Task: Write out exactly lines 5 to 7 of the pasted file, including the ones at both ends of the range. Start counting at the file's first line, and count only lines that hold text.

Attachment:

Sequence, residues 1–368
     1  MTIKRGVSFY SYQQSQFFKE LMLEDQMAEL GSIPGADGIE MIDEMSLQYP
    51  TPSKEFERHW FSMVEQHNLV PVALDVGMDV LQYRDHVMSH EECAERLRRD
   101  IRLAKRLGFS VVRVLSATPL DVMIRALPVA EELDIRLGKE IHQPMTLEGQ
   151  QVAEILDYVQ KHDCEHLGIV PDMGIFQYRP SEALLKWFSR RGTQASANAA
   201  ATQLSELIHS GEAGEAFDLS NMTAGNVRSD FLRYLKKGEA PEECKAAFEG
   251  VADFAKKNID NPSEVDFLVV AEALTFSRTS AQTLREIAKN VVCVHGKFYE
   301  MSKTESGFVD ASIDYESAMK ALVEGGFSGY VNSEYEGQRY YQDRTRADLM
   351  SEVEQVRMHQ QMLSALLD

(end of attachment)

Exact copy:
   151  QVAEILDYVQ KHDCEHLGIV PDMGIFQYRP SEALLKWFSR RGTQASANAA
   201  ATQLSELIHS GEAGEAFDLS NMTAGNVRSD FLRYLKKGEA PEECKAAFEG
   251  VADFAKKNID NPSEVDFLVV AEALTFSRTS AQTLREIAKN VVCVHGKFYE